Updates on COVID-19 biology and diagnostics

Speaker: Giuseppe LIPPI (IT)
Moderator: Daniel Rajdl (CZ)
Date: 28th May 2020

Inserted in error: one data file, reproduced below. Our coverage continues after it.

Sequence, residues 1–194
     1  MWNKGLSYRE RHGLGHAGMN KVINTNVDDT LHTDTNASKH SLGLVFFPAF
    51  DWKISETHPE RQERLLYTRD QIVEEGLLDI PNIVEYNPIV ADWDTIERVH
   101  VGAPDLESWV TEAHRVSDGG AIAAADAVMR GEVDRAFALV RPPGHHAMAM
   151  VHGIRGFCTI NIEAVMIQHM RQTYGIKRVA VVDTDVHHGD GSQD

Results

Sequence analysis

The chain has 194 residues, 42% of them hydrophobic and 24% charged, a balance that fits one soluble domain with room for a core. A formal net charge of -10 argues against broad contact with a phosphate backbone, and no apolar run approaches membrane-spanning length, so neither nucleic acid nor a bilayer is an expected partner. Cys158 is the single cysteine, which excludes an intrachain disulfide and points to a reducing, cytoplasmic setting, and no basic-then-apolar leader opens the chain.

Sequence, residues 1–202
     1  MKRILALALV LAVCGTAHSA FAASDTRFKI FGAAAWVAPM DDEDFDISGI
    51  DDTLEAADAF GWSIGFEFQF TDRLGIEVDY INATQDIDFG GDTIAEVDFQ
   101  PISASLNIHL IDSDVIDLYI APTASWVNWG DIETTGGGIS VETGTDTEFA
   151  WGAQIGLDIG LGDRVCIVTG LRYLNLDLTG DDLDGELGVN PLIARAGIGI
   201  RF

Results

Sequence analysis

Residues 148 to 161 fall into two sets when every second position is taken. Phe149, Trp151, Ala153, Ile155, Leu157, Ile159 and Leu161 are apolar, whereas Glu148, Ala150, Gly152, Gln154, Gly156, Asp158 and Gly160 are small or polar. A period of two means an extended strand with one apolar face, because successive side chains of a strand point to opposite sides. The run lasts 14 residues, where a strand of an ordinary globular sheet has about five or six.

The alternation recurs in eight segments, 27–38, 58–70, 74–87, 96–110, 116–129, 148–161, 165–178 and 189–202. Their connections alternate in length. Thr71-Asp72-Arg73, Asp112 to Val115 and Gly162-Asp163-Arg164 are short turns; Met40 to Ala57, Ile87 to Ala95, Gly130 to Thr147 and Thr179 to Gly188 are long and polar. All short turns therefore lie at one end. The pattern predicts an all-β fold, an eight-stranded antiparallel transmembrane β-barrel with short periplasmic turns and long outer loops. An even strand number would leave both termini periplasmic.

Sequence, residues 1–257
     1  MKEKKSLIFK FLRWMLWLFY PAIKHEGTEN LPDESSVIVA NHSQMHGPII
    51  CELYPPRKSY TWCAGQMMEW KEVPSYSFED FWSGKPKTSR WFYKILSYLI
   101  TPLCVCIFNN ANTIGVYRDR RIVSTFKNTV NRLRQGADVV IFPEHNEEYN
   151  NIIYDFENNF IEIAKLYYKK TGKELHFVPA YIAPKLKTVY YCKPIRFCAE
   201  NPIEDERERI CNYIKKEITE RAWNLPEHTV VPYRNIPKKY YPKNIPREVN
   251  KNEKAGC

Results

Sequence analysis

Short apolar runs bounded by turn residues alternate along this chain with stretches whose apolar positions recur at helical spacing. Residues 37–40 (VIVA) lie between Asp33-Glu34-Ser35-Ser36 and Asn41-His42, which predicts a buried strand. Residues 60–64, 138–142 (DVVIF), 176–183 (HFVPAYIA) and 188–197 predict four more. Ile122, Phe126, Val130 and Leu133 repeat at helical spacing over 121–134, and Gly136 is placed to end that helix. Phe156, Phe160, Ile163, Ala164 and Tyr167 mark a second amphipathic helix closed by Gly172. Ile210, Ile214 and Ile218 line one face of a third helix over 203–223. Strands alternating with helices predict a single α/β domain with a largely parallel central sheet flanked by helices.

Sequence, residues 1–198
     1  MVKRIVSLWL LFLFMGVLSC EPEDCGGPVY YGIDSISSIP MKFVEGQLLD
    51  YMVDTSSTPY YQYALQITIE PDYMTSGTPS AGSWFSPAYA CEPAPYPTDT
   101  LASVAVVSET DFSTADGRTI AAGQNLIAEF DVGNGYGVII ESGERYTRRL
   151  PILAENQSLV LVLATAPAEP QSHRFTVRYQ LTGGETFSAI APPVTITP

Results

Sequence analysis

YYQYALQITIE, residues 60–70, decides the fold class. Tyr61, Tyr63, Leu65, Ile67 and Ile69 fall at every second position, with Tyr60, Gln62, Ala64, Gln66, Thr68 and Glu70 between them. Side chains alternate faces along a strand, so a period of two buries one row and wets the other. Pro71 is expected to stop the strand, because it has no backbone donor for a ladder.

ABSTRACT : The novel coronavirus disease 2019 (COVID-19) is a pandemic infectious disease sustained by a member of the Coronaviridae family, finally called acute respiratory syndrome coronavirus 2 (SARS-CoV-2). The human-to-human transmission is principally conveyed by droplets or physical contact with infected biological material. The range of clinical pictures is quite heterogeneous, with the vast majority of patients being asymptomatic or only experiencing mild respiratory symptoms. Nevertheless, in nearly 15% and 5% of all patients COVID-19 may progress towards severe or even critical illness, requiring sub-intensive or intensive care. The current death rate is comprised between 6-7%, but is highly variable worldwide depending on genetic, epigenetic and environmental factors. The etiological diagnosis of COVID-19 is, and will remain for long based on direct identification of viral RNA using molecular biology techniques in respiratory tracts samples (especially naso- and oro-pharyngeal swabs). Serological testing has also been recently developed, thus allowing to recognize that most COVID-19 patients develop an immune response against the virus, especially characterized by appearance of IgG and IgA anti-SARS-CoV-2 immunoglobulins one to two weeks after symptoms onset. The availability of rapid tests for detecting either viral antigens or anti-SARS-CoV-2 antibodies has also recently emerged as a valid opportunity for epidemiologic surveillance, though a number of clear quality criteria will need to be fulfilled before any commercially available assay could be safely introduced into clinical practice.